Boman’s passion for politics was kindled at a very age, he said. His father was an active democrat back in the Detroit area, and Boman actually went door-to-door encouraging residents to vote for his father when he ran for judge.

However, when it came time to further his education, the politician choose to study physics at WMU, with the dream of becoming an astronaut.

“I looked into a number of universities, and Western seemed like a good fit,” Boman said. “I was able to work more closely with faculty there, as opposed to some other colleges where I found out that most classes were taught by grad assistants.”

During his time at WMU, Boman was a frequent guest columnist for The Western Herald, writing about his Liberterian beliefs and his views on the government.

“I enjoyed living in Kalamazoo,” Boman said. “For me, it was the first time I actually got to live in a small town, which is kind of funny, because there were people in the dorms who told me it was the first time they were living in a big city, so I guess it’s all relative.”

While he eventually earned a master’s degree in the subject in 1987, Boman later changed his career trajectory, receiving another master’s degree in education from Wayne State. He is currently serving as a physics instructor at Wayne County Community College and an astronomy instructor at Macomb Community College.

Over the last few years, Boman has attempted to transition from running as on the Libertarian ticket toward running as liberterian in the Republican party, similarly to Ron Paul, the Texan Congressman who been a candidate in the Republican presidential primary. However, Boman has found little success pursuing this avenue, failing to gather the amount of signatures necessary to run in the Republican primary for Senate this year.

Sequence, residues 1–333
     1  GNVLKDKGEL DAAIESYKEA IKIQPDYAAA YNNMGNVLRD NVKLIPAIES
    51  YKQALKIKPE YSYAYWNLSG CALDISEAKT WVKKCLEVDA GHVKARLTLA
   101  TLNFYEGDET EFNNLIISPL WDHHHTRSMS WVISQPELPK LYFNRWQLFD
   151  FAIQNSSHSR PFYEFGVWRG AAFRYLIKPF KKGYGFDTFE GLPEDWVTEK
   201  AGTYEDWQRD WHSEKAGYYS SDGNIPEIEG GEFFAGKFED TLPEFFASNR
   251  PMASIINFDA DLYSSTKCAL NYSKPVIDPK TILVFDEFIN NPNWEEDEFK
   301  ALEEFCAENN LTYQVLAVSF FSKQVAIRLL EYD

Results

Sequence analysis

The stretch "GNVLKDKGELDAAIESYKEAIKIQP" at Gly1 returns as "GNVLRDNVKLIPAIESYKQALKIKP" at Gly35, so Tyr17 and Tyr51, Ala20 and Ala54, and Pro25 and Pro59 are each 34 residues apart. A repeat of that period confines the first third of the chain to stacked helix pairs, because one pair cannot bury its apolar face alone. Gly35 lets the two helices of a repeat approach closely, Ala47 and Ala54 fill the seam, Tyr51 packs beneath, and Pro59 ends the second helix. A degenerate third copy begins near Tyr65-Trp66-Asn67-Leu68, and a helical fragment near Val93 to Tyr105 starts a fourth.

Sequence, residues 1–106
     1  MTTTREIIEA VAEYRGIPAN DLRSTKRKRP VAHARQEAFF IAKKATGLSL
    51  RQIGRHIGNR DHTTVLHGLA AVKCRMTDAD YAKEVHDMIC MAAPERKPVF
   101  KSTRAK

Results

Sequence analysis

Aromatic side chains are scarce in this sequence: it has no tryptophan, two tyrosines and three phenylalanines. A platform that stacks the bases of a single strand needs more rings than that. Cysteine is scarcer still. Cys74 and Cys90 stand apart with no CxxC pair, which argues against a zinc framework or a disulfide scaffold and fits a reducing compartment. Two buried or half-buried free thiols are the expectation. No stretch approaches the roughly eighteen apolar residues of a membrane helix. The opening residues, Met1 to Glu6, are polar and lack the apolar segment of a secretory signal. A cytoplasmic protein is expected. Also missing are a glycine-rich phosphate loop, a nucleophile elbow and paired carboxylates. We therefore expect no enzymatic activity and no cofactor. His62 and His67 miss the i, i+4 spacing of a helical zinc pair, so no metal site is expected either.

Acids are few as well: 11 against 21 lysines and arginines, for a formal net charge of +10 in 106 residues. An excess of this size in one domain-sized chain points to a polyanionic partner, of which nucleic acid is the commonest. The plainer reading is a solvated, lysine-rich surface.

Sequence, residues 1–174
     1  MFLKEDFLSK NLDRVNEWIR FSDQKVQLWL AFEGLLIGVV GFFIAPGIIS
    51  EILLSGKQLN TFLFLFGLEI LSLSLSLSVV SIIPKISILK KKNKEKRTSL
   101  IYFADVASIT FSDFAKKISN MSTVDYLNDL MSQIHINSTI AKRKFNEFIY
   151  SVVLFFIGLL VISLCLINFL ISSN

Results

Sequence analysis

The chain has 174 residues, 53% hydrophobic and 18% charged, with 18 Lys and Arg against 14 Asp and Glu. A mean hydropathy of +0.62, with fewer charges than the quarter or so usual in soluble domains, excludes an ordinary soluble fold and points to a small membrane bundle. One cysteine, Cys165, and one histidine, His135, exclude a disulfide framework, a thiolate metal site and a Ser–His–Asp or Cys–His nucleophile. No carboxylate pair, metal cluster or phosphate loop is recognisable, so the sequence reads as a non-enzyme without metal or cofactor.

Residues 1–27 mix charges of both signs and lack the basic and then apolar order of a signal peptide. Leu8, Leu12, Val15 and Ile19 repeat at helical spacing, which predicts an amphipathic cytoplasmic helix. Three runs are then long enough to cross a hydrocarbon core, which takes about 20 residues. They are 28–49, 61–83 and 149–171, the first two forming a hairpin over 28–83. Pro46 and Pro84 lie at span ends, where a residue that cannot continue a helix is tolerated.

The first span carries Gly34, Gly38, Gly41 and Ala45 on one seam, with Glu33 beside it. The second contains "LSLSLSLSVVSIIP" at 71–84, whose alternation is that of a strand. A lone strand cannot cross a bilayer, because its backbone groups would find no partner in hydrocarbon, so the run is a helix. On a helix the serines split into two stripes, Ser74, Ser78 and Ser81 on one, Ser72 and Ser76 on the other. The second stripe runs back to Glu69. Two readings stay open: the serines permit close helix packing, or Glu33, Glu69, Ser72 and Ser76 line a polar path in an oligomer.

However, Boman said that much of the support he’s received in recent weeks is due to far right Republican voters’ anger over Hoekstra’s nomination.

“Hoekstra voted for the Wallstreet bailout back when he was in [the House],” Boman said. “The Wallstreet bailout was the thing that galvanized tea partiers against mainstream politicians. Stabenow, to her credit, actually voted against the bailout. He was the perfectly wrong candidate to pick against Stabenow.”

The candidate said he remains hopeful that the Liberterian Party will continue to grow, thanks in part to castoffs from the Republican party who are frustrated with the direction of the current party.

“I think a lot of these people I picked up have totally had it with the Republican party just falling back into the same big government approach, supporting these politicians who don’t seem to stick to principle,” Boman said.

He also believes that Democrats have also been betrayed by the party, pointing to Obama’s failure to hold up to his 2008 campaign promise to shut down the Guantanamo Bay detainment camp.

“If you’re somebody who believes there is too much intervention in your private lives by the government, and if you’re looking for an alternative to what you’ve consistently been getting from the Republicans and Democrats, then the Liberterian party is for you,” Boman said.